The ‘Nebra Sky Disk’ was a prehistoric star chart created in Germany circa 1600 BCE. It illustrates numerous important aspects of the sky (the sun, the moon, and the stars). One of the most intriguing features revolves on the two golden arcs that run down the edges of Disk.
Each arc covers an 82° angle, accurately representing the angles between the summer and winter solstices. As a result, the sky disc is Europe’s first movable relic depicting the solar cycles.
Perhaps the most intriguing characteristic is a cluster of seven dots at the top of the disc (between the sun and moon symbols) that is thought to symbolise the Pleiades constellation. The star mass is frequently found on Scandinavian petroglyphs, indicating that it was a significant emblem to the Germanic people.
None of the disk’s other star alignments correspond to any constellations in the night sky. This indicates that the item was not utilised as a star chart, but rather as a symbolic representation of the universe. Is it feasible, then, that the disc depicted some sort of celestial narrative?
The Pleiades was known as the “star of stars” in Babylon, and was regarded as a regal portion of the night sky. The ancient Egyptians thought it was a manifestation of the goddess Neith, the “divine lady of heaven.” The Pleiades were the Titans’ seven daughters in Greek mythology (Atlas and Pleione). Because of the way the stars floated around the sky, their names signified “the sailing ones.”
Following on from this sailing theme, there is another nautical sign on the chart. Some academics think that a third curve at the bottom of the disc represents the sun boat, a mythological emblem prevalent in Egyptian and Norse mythology.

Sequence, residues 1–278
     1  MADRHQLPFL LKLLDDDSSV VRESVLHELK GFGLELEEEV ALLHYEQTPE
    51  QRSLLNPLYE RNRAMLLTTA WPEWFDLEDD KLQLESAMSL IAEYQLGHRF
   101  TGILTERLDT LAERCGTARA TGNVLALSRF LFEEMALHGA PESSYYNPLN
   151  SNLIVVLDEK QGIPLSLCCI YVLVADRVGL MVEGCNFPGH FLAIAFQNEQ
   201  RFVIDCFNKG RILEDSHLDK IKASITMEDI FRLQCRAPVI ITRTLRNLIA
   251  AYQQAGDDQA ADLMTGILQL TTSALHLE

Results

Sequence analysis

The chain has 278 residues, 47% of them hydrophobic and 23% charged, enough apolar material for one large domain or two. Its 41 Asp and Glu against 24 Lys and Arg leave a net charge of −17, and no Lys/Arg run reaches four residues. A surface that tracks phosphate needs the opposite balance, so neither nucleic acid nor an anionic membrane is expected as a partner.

Ra was a Sun God in Ancient Egypt who was said to travel around the sky in a solar boat. During the day, his ship sailed across the skies, giving light to Earth. It passed below the horizon in the evening, creating darkness, only to return the next day. This event represented the sun god’s death and rebirth.
A heavenly figure with a starry crown standing on a boat can be observed in certain Scandinavian rock art (carved circa 1700 BCE). Unlike the Sun God, who rises and sets every day, this Scandinavian entity was associated with the Pleiades (the constellation shown to the left of the picture), which meant it would rise in the Spring (a season of regeneration) and set again in the Autumn (a time for harvest).
The solar/cosmic god blazes with life in the sky in both mythological representations, ultimately sinking beyond the horizon, indicating a type of celestial death.
To summarise: The sun symbol to the left of the star map may symbolise the rising and setting of the sun, representing the cycle of night and day. The moon symbol, too, rises and sets across the sky, but for a considerably longer period of time. The moon is most likely used to depict the month’s cycle.
The Pleiades rises and sets over the horizon as well. The Greeks used it to mark the arrival of spring and the departure of autumn (seasonal cycles). The golden arcs on the disk’s surface cover an 82-degree angle, mirroring Germany’s summer and winter solstices (seasonal cycles).
Finally, there’s the cosmic boat, a symbol of a sky deity who rules over the map’s cosmic cycles. When the symbols are viewed in this light, the star disc appears to be narrating the story of death and resurrection, which is present in many world myths.
To see the disc as a portable star map is definitely a stretch. It is more likely a proto-calender, created by priests to identify their location in a lunar year. They could forecast how much spring was left by charting the Pleiades against the golden arcs of the disc (which represented the horizon), when to celebrate the solstices, and when to get the farmers to harvest their crops.
If this is the case, the Nebra Sky Disk would have been held by someone of significant status and would have been an item of considerable power, assisting ancients in understanding and navigating the secrets of the cosmos.